I started school at St Andrews Primary School in Clarinda in 1980 and at the time there werenít many migrant children at the school - just a handful of kids from Asian backgrounds. Overall, I didnít feel discriminated against but I remember a couple of incidents when I was teased because I was brown. There were also occasions were other kids would make Asian jokes, and while they weren't directed at me, they still made me feel uncomfortable.
At high school there were many migrants and I made friends with people from different cultures. I learnt a lot about other cultures and discovered how similar we all really are. I didnít always connect with other Filipinos. I probably connected a lot easier with other migrants who came to Australia at a similar time or were a similar age to me because they too had experienced growing up in Australia with dual cultural influences.
I didnít know many Filipinos when I was growing up, except my cousins and a few family friends. I remember going through phases where Iíd be anti-Filipino, then pro-Filipino, trying to find myself. It wasnít until I went to university that I met quite a lot of Filipinos who were my own age.
When I went to university I joined the Filipino Youth and Students Association of Victoria. Many of us shared similar experiences as a lot of the members spent most of their youth here in Australia. Weíd sit down and talk about what it meant to be Filipino. Are we Filipino or are we Australian? What stereotypes do people have of Filipinos? Now these things are less of an issue for me because Iíve realised that I donít have to be completely one thing or the other.
If I had to label myself I would say I am an Australian with a Filipino background. To me, the place that you call home is where you live and grow up and where the people you love are. Everyone that I love is in Australia so I consider myself Australian first and foremost. But I am very proud of my Filipino background. My experiences growing up in Australia as a Filipino migrant, have helped shape the person that I am today.
I went back to the Philippines for the first time last year. It was really exciting and, surprisingly, I didnít find it a culture shock at all. The country felt really familiar, probably because I have heard so many stories and seen so many photographs. It was wonderful to meet all my relatives and to see where my parents grew up.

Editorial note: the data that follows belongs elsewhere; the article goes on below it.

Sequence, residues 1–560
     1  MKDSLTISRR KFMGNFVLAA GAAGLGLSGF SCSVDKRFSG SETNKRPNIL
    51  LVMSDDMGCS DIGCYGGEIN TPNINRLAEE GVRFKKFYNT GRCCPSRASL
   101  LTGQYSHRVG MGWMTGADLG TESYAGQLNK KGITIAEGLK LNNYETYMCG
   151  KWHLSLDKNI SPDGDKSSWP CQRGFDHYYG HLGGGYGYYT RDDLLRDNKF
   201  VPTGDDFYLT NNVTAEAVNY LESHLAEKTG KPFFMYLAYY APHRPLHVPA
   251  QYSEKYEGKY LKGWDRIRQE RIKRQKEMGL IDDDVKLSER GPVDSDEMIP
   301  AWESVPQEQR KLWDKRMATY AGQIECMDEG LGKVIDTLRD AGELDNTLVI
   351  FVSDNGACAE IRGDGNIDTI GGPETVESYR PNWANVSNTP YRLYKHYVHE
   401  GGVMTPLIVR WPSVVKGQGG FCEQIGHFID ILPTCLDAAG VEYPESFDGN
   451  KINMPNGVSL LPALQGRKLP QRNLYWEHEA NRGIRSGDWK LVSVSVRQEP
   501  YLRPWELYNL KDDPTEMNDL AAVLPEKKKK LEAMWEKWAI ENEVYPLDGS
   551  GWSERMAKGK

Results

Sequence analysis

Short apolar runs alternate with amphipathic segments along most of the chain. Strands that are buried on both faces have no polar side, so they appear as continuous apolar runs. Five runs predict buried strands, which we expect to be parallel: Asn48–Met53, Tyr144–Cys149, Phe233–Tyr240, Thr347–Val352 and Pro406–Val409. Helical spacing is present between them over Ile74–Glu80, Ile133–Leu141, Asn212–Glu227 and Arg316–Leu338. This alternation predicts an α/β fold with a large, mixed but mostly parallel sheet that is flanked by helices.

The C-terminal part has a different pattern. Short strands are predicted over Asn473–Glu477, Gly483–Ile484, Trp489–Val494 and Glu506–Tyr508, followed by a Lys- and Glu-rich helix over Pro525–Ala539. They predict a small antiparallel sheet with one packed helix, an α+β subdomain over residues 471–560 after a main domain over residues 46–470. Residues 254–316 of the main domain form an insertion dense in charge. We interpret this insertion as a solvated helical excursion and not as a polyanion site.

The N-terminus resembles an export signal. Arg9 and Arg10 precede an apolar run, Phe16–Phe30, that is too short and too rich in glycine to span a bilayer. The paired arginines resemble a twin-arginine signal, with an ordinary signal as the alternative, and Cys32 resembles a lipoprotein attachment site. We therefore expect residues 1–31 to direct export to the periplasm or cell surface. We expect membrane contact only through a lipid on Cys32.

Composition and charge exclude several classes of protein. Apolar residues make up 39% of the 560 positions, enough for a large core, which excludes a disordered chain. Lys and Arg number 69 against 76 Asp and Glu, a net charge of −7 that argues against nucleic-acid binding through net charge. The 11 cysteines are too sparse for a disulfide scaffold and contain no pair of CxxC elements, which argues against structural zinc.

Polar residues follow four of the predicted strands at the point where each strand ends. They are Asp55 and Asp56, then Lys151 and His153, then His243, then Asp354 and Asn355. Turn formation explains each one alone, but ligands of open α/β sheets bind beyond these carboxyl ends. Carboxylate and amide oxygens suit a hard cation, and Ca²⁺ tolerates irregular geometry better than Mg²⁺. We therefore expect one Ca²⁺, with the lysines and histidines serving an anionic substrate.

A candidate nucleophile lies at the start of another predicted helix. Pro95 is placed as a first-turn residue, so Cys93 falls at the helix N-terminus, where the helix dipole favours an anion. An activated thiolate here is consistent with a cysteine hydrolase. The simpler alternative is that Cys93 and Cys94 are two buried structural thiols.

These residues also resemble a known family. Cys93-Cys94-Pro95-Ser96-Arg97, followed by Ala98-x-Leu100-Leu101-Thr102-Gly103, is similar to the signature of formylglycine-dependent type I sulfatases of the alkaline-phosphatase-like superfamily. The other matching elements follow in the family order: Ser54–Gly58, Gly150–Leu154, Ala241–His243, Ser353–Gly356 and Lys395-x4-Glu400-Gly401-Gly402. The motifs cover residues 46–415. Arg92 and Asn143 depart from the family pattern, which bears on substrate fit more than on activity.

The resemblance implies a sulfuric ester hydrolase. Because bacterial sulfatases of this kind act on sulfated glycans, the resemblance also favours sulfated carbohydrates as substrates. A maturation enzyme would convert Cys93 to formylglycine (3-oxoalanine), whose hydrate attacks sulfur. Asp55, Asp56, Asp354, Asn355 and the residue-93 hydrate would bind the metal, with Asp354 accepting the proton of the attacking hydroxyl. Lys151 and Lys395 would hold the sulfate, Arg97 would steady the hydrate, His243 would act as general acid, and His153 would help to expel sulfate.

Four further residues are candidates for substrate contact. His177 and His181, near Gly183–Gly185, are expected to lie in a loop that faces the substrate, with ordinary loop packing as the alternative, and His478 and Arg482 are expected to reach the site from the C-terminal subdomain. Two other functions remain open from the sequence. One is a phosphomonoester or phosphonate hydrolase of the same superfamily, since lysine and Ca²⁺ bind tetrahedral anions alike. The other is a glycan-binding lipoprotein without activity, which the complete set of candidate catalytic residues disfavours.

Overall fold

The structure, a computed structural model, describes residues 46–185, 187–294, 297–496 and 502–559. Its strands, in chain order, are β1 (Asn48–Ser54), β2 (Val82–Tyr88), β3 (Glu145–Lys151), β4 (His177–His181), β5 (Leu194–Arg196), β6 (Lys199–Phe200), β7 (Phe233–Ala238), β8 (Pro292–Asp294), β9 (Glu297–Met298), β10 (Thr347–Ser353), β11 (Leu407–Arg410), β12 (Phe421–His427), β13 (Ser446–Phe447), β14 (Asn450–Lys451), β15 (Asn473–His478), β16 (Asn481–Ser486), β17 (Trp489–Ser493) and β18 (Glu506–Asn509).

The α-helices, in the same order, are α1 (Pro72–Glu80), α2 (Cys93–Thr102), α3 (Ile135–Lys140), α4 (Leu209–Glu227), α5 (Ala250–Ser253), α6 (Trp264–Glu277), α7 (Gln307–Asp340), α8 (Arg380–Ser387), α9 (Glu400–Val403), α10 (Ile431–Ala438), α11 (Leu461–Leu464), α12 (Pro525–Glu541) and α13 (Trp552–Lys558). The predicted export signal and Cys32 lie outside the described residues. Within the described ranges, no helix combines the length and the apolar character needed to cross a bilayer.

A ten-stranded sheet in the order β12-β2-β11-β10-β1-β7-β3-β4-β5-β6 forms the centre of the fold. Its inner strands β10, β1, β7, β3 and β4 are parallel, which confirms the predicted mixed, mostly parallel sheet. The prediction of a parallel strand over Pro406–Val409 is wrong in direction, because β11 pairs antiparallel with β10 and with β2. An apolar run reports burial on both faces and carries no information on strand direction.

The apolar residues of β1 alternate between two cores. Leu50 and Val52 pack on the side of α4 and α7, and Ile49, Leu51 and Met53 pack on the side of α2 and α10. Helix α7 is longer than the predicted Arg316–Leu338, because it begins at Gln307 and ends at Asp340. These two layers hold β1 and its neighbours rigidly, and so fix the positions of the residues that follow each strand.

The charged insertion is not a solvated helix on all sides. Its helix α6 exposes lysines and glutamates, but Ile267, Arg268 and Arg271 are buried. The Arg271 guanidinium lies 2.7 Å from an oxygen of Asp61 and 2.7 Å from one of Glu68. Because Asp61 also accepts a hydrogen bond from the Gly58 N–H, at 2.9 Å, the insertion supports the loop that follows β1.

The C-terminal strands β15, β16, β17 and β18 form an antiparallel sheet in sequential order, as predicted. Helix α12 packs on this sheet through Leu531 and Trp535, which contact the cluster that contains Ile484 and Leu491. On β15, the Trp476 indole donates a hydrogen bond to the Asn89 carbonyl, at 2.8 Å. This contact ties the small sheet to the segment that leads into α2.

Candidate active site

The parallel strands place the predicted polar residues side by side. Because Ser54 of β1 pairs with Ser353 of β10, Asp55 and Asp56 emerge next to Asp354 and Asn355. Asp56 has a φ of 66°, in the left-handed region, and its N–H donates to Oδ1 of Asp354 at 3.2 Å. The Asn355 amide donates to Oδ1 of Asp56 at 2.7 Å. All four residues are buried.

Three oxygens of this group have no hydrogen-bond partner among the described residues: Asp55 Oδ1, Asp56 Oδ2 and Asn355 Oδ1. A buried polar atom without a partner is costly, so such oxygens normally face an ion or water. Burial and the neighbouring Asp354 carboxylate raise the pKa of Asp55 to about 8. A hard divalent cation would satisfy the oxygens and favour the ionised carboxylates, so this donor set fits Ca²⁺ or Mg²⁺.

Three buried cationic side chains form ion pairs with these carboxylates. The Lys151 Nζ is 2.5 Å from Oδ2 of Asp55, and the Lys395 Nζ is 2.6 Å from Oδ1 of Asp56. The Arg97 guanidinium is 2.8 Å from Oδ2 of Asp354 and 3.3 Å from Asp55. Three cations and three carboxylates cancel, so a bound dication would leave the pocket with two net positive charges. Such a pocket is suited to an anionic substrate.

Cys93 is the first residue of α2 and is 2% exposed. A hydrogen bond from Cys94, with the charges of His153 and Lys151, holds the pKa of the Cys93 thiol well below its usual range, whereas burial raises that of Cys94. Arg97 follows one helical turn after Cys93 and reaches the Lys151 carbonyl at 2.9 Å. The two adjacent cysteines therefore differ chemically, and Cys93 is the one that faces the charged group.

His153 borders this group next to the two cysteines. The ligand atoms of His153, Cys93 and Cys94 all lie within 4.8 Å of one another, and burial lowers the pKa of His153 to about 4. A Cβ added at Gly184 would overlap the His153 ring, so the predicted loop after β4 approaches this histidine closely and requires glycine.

I would like to be able to speak the Filipino language better. I can understand it but I canít speak it very well. People laugh when I try to speak Filipino because my grammar is terrible. Mostly I speak to my parents in English and they speak what they call Taglish, which is a mixture of Tagalog (the main Filipino dialect) and English.
Both my parents have always worked hard and given everything to myself and my sister and brother. My dad has always worked a lot of overtime and my mum has worked night shift for 11 years. Dad is very much involved in the community but mum has always centred her life on her children. She is a bit of a super-mum. There isn't anything that my parents wouldn't do for the three of us.
Christmas is a great time in our family. We have friends and relatives and piles of food. It's not a real Filipino party if there isn't a lot of food. I like the strong unity in our family. We are very close and see our relatives regularly. The down side is that everyone gets involved with any decision and voices their opinion. There is pressure not to dishonour the family name.
My parents grew up in a different country with strict Catholic beliefs and we have different ideas about things such as marriage, boyfriends, careers, money, travel and independence. The first time I went to the movies with a boy my mother was shocked. Back in my parents day the movies were the place where everyone got up to mischief. For us it is different. If we pay $8 for a movie, we just want to watch the movie!
I think it was hard on my parents when my sister and I recently decided to move out of home because in the Filipino culture children donít leave home until they are married and sometimes they continue to live at home after they are married. My sister and I are now in our mid-20s. It was hard leaving - mum was quite upset - but it is not a good idea to have adults with differing views about life living in the same household. Iíve learnt a lot and my relationship with my parents keeps getting better and better.